'Phantom Thread' star Manville shifts to TV comedy in 'Mum'

  • This image released by BritBox shows Lesley Manville in a scene from the British series "Mum." The second season of "Mum" is available for viewing on BritBox, the streaming service from BBC Studios and ITV.  (BritBox via AP)

    This image released by BritBox shows Lesley Manville in a scene from the British series "Mum." The second season of "Mum" is available for viewing on BritBox, the streaming service from BBC Studios and ITV. (BritBox via AP) Associated Press

Updated 5/4/2018 2:02 PM

LOS ANGELES -- If Lesley Manville's Oscar-nominated portrayal of an icy, unyielding family gatekeeper in "Phantom Thread" sent shivers down your spine, "Mum" is the antidote.

In the U.K. sitcom available on streaming service BritBox, Manville plays the polar opposite of her film role, a gentle soul with never a harsh word to say. It's further proof of the actress' shape-shifting artistry that has made her a favorite of top directors and actors.


Let's name drop: Daniel Day-Lewis, the triple Oscar-winning star who played opposite her in "Phantom Thread." The film's acclaimed director, Paul Thomas Anderson. Mike Leigh, another singular filmmaker, who has featured Manville repeatedly, including as a faithful wife in "Topsy Turvy" and damaged woman in "Another Year."

For good measure add Jeremy Irons, her co-star in a production of "Long Day's Journey into Night" coming to New York's Brooklyn Academy of Music May 8-27 (and then to Southern California's Wallis Annenberg Center) after a heralded London run.

All that achievement and yet Manville is as warm - if far more spirited - than Cathy, her character in "Mum," which debuts its second season on May 13, Mother's Day. But she's not a match for Cathy's "miraculous" tolerance, the English actress insists.

"If there was an emoji that depicted Cathy, it would just be one big heart," she said. "She allows people to be what they are. That's a great thing, really, and something I probably fall short of in my own life. She allows people to come to their own conclusions about their own shortcomings or misgivings or bad behavior without judging them."

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Cathy, a recent widow and teacher's aide, is tested by her loving but clueless adult son and his even more clueless partner (Sam Swainsbury, Lisa McGrillis). Her circle also includes a jolly brother and his snobbish girlfriend (Ross Boatman, Dorothy Atkinson), and a kindly longtime friend (Michael Mullen) who wants to be more to Cathy but needs a little help.

Each episode is titled for the month in which it takes place, tacking through the calendar as Cathy attempts to rebuild her life after her husband's death.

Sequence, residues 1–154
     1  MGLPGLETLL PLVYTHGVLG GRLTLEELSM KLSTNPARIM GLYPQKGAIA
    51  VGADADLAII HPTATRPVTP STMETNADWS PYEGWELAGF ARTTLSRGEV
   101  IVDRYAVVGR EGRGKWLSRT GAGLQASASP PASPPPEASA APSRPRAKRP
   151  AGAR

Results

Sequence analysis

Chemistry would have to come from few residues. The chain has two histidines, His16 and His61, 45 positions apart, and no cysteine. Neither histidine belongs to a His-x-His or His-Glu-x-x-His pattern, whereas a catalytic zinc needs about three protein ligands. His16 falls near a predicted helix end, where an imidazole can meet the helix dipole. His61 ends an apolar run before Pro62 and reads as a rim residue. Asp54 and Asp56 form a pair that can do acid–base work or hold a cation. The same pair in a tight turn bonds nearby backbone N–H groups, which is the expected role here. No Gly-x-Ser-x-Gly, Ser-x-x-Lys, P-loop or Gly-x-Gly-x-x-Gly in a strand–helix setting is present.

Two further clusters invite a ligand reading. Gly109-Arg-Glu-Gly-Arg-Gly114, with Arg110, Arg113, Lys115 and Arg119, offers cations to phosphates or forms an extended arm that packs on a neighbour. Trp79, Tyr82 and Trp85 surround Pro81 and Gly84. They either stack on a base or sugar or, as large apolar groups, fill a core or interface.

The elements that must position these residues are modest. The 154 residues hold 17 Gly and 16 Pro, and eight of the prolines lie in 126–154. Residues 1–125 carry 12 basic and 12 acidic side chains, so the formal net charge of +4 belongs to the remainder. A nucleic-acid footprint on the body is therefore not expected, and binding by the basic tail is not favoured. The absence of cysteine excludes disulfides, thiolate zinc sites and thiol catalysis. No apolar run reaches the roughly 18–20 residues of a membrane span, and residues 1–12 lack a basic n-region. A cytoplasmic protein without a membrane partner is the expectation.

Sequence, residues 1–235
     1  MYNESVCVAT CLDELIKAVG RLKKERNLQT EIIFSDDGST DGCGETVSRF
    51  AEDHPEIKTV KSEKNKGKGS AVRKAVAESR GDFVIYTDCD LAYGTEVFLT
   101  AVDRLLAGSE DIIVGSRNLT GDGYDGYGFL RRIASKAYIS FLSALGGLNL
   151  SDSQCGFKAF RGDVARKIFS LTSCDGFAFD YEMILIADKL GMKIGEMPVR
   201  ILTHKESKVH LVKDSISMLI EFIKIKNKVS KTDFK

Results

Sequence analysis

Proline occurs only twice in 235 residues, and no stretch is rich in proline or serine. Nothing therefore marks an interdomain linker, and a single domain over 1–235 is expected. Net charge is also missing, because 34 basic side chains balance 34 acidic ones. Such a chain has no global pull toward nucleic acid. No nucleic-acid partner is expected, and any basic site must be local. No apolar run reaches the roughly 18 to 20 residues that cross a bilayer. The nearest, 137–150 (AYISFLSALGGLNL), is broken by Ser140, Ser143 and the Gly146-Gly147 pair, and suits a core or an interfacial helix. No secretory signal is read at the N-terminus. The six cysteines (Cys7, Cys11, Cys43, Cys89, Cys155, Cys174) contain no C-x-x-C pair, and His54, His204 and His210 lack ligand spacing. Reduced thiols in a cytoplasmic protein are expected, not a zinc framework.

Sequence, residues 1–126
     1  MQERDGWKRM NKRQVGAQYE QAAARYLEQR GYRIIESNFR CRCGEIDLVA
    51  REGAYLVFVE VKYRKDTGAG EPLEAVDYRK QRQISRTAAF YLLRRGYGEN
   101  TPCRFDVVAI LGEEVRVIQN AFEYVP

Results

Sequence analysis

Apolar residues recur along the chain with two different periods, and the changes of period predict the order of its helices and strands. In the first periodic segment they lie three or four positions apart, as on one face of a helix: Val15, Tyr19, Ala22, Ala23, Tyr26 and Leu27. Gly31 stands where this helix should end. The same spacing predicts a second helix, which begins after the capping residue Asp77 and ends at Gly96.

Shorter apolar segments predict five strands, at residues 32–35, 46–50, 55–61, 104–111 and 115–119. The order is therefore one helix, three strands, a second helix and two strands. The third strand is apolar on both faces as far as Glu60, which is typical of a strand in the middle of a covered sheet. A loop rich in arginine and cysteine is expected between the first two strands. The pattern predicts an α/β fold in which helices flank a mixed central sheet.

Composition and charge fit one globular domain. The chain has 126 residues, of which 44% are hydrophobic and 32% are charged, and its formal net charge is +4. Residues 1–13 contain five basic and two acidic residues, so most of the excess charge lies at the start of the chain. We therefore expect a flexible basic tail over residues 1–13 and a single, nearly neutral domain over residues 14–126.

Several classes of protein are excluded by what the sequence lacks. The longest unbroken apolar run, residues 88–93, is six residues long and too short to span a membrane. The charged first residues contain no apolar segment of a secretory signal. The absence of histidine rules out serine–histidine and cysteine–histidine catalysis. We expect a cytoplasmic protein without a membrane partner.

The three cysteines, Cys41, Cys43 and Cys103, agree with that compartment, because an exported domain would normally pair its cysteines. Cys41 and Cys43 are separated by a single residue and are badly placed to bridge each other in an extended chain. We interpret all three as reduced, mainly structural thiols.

Manville empathizes with Cathy's new challenge of single motherhood. While the character takes on the challenge late in life, the actress said she had the task of bringing up her son, Alfie Oldman (from her short-lived marriage to Gary Oldman. He won a best actor Oscar this year for "Darkest Hour").

"I understand the delicacies and the dances that one needs to do around a teenage and 20-something-year-old son. They can be a tricky, delicate territory, and you have to be careful," she said.


Manville holds the center steady in "Mum" as her co-stars spin around her with impeccable comic timing, especially Atkinson (another repertory player in Leigh's films) as social climber Pauline and McGrillis as self-absorbed girlfriend Kelly.

The ensemble's byplay is so fresh that it seems certain improv must be involved. It's not, said Manville, crediting the impression to how "brilliantly" her fellow actors perform and to the work of series creator Stefan Golaszewski.

"That is a testament to how well Stefan writes it," she said. "You don't need to ad lib and go off script to make the moment better. He charts the subtlety of the characters so beautifully. He writes from such a human, tender place as a person and as a writer that you don't need to embellish it."

For Manville, any worthy project has to start with the script. Then comes the director, she said, and working with such outstanding ones as Anderson and improv-master Leigh helps her raise her game.

"What I enjoy is that I don't go from one great auteur director to another and want them to work in the same way that the previous one had, because what would be the point? They both have their own ways of working. So I've needed to be, and wanted to be, open to them," Manville said.

Because she is not a filmmaker, she added, "I need to put myself in the hands of these two geniuses and go with it. If I give myself up to it, I know because I'm flexible and malleable I can do some really good work."

Anderson has said his admiration for Manville's performance as Cyril, sister to Day-Lewis' fashion designer, was obvious on the set of "Phantom Thread."

"My love affair with Lesley Manville was to the point where the crew (would tease), 'Teacher's pet.' ... You could ask her to do anything, she could do it," Anderson said during an American Film Institute Conservatory Q&A in March.

Not every director can expect the much-honored stage and screen actress to surrender her autonomy.

"I can smell a bad one very quickly," Manville said, with a distinctly un-Cathy chortle.





Lynn Elber is a national television columnist for The Associated Press. She can be reached at lelber@ap.org and on Twitter at http://twitter.com/lynnelber.

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